for (int j = 0, k = 0; j < rows.length; j++) {
            int qsc = Integer.bitCount(rows[j]);
            for (int i = 0; i < rows.length; i++) sc[k++] = (byte)(qsc + Integer.bitCount(rows[i]));
        }

        int max = 0;
        for (int h = 2; h < n; h++) {
            byte[] nsc = new byte[rows.length * rows.length];
            for (int i = 0; i < rows.length; i++) {
                int p = rows[i];
                for (int j = 0; j < rows.length; j++) {
                    int q = rows[j];
                    // The rows which follow p,q cannot intersect with a certain mask.
                    int mask = (p & q) | ((p << 2) & (q << 1)) | ((p >> 2) & (q >> 1));
                    for (int k = 0; k < rows.length; k++) {
                        int r = rows[k];
                        if ((r & mask) != 0) continue;

                        int pqrsc = (sc[i + rows.length * j] & 0xff) + Integer.bitCount(r);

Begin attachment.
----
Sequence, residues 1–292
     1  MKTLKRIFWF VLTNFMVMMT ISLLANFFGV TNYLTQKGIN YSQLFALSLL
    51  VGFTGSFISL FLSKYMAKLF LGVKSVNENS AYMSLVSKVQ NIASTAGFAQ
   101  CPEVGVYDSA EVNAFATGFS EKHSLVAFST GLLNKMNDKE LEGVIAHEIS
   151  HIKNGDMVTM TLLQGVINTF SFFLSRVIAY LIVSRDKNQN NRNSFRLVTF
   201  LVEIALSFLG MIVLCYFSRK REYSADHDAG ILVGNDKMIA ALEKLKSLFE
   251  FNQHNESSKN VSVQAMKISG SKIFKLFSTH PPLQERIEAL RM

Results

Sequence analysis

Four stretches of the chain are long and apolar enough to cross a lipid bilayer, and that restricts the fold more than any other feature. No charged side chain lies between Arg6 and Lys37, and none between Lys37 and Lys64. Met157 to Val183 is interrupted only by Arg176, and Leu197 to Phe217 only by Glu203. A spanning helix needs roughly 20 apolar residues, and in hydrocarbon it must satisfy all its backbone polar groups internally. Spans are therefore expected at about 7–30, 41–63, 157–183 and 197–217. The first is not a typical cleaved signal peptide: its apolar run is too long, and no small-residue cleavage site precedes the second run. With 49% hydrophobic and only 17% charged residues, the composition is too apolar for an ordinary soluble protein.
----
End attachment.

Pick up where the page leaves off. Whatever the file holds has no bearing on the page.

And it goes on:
int off = j + rows.length * k;
                        if (pqrsc > nsc[off]) nsc[off] = (byte)pqrsc;
                        if (pqrsc > max) max = pqrsc;
                    }
                }
            }

            sc = nsc;
        }

        return max;
    }

    private static int[] buildRows(int n) {
        // Array length is a tribonacci number.
        int c = 1;
        for (int a = 0, b = 1, i = 0; i < n; i++) c = a + (a = b) + (b = c);

        int[] rows = new int[c];
        int i = 0, j = 1, val;
        while ((val = rows[i]) < (1 << (n - 1))) {
            if (val > 0) rows[j++] = val * 2;
            if ((val & 3) != 3) rows[j++] = val * 2 + 1;
            i++;
        }

        return rows;
    }
}

Save to A181018.java; compile as javac A181018.java; run as java A181018 13. On my computer it takes about 20 minutes to execute for this input. It would probably be worth parallelising it.

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  • \$\begingroup\$ How long have you been running it? You're still adding terms to the OEIS, I see. \$\endgroup\$ – mbomb007 Mar 30 '16 at 22:02
  • 1
    \$\begingroup\$ @mbomb007, I'm not still running it. As you can tell from the OEIS dates, it took several days to run for n=16; I extrapolated that it would take about a month for n=17, so I didn't try to run it for that. Memory usage was also becoming a major nuisance. (PS I'm currently using 2 of my 4 cores for a non-PPCG programming challenge: azspcs.com/Contest/Tetrahedra/Standings ) \$\endgroup\$ – Peter Taylor Mar 30 '16 at 22:09